Working Practice Problems on the Physics GRE

  • New visitors are encouraged to start reading topics of interest in the articles forum as the articles can help you digest a lot of information in a short amount of time.
  • Everybody is encouraged to write articles that can benefit prospective and current physics graduate students.

preparation
Posts: 7
Joined: Fri Feb 22, 2008 4:00 pm

Working Practice Problems on the Physics GRE

Postby preparation » Tue Feb 19, 2008 1:57 pm

I believe that working through huge numbers of sample multiple-choice physics problems should be a major component of a Physics GRE preparation. You probably have not had nearly as much practice with multiple-choice physics problems as you have had with traditional textbook problems. However, the Physics GRE is 100% multiple-choice questions. Below are some suggested steps to preparing for the Physics GRE with multiple-choice physics problems. You may want to follow these steps with groups of random problems, groups of related problems, or with one problem at a time.

Step I - Try to solve the problem(s) as if you were actually taking the exam. Try to quickly solve it and if you can't figure it out then try to quickly eliminate as many answer choices as possible and then make an educated guess about the correct answer. You may want to read the discussion - Testing Answers and Exploiting Answers.

Step II - Work through the problem as if it were a homework problem. However, before doing this, you may want to read the discussion about unfamiliar subject matter. If you are familiar with the subject matter, then you should be able to work through the problems with some combination of more time, references, or help from others. After you arrive at the solution to the problem, you may want to revisit the question and try to think about how you would approach it again if you wanted to solve it in the shortest amount of time.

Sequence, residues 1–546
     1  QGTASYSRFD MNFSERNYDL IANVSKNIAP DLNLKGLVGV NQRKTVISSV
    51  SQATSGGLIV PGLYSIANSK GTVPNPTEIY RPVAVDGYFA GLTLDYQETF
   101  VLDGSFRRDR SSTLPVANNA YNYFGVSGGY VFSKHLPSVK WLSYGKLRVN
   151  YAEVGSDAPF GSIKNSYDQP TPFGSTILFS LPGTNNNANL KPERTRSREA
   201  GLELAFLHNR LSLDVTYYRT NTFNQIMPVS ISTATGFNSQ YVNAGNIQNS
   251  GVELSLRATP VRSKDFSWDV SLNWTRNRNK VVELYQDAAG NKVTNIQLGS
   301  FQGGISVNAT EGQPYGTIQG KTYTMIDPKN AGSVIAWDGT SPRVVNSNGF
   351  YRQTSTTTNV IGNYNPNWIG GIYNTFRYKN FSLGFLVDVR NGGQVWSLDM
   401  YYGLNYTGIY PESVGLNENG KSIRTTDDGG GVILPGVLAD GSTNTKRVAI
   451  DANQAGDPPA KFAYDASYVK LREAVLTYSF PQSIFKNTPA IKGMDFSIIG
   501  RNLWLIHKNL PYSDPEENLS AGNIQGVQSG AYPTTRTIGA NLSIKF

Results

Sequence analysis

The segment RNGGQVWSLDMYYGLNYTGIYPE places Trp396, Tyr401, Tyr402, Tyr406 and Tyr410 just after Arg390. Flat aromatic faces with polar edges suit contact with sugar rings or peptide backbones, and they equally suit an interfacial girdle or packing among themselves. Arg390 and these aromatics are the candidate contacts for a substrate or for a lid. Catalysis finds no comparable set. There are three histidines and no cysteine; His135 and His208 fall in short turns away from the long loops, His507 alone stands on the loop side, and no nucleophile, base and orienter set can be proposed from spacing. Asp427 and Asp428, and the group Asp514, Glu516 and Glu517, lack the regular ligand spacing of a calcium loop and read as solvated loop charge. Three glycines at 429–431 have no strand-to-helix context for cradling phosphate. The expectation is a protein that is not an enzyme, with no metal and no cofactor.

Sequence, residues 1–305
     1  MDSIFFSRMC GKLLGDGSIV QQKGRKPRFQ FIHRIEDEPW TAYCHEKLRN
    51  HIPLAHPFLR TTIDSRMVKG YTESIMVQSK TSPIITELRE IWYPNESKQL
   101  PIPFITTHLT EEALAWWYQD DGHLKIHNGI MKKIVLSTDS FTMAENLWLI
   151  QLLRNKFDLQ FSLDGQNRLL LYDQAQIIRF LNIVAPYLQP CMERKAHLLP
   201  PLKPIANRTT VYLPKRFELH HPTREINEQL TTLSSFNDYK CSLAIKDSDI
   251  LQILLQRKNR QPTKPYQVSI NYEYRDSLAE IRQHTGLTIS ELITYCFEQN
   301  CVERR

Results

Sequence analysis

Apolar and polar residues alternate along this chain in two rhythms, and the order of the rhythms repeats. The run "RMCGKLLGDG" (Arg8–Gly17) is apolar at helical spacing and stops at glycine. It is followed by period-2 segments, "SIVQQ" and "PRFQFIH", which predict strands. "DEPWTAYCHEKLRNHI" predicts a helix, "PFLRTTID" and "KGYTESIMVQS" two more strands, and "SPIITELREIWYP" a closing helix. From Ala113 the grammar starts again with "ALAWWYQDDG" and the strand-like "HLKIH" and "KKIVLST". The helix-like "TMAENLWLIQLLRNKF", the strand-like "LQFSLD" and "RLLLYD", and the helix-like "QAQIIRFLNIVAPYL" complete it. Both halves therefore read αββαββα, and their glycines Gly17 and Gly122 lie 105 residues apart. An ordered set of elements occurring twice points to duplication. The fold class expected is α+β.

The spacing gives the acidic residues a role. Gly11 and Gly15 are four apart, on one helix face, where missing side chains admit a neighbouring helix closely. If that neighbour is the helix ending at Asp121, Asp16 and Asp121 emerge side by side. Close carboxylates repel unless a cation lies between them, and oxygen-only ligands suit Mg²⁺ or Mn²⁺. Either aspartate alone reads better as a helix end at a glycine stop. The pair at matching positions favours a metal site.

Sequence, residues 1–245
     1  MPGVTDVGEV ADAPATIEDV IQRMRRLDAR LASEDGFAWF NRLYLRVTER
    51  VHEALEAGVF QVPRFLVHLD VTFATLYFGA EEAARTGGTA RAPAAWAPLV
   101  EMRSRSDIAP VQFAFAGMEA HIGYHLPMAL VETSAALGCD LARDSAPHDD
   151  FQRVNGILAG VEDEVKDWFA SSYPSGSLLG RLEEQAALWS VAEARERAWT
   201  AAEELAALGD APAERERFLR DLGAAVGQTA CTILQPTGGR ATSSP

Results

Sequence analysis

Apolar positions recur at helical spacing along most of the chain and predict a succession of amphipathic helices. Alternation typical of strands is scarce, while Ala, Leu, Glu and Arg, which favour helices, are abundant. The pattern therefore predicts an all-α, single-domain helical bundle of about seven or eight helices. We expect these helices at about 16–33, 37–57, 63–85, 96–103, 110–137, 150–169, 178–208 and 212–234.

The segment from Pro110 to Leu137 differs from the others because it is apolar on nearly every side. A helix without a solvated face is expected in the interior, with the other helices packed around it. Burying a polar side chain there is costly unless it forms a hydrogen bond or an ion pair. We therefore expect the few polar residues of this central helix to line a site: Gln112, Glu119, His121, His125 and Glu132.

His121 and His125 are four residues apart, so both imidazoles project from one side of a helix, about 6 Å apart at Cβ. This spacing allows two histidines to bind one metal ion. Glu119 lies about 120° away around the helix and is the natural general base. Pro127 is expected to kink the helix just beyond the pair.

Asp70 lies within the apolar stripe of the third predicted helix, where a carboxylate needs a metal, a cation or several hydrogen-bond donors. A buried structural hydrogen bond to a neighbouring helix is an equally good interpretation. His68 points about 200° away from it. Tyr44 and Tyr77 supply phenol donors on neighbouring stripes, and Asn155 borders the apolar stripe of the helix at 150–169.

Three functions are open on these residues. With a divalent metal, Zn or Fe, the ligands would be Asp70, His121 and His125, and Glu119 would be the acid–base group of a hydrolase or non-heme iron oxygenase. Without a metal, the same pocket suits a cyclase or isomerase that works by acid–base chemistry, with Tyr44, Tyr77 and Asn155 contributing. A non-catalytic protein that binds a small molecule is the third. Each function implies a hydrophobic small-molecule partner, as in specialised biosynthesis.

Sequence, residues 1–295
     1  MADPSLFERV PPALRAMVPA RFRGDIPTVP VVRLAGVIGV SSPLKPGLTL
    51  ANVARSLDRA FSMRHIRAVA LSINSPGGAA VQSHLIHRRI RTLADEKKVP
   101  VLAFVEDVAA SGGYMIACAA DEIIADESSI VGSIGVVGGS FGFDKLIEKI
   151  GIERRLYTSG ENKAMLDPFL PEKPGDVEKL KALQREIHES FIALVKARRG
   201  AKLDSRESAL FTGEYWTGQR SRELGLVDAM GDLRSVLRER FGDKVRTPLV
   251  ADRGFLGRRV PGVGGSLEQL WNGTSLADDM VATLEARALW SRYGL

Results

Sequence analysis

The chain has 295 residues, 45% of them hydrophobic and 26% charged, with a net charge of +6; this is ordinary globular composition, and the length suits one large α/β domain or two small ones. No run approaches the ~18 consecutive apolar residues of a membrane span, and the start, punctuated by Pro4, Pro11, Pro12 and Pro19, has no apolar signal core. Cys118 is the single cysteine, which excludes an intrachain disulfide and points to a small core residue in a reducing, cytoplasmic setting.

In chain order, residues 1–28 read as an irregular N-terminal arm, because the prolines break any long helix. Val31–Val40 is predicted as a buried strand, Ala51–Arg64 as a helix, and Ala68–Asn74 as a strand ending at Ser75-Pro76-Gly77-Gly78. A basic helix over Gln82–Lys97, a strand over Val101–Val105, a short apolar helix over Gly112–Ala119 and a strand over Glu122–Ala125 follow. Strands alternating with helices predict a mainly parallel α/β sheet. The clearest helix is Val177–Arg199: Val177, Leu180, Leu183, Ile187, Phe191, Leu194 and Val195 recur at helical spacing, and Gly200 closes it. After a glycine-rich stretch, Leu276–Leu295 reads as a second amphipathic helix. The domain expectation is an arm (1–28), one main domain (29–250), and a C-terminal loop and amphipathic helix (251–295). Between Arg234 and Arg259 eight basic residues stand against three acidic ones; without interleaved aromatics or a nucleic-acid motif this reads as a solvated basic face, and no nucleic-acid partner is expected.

Step III - You will want to study material that is related to the particular problem. For example, if it were a mass-spring problem then you will probably want to study material covering springs and pendulums or broader yet, study simple harmonic oscillations.

Side Note: While you are studying related material, it may be helpful to try and create your own multiple choice test questions that cover the material. However, be sure to remember that the Physics GRE test covers problem solving skills and not test creating skills so you don''t want to waste too much time dreaming up problems. However, there is nothing wrong with spending a little bit of time trying to get into the heads of test writers.

Please keep in mind that, like everything else on this website, the steps above are just suggestions. Regardless, most physicists would recommend that you solve lots of practice problems. Come to think of it, you may even want to post signs around your dwelling spaces that read, "Have you worked through any practice physics problems today?!"

Note: If ever have trouble with a certain problem then perhaps you might participate in the Physics GRE Forums and see if another member might be able to help.



Return to “PhysicsGRE.com Articles”

Who is online

Users browsing this forum: No registered users and 1 guest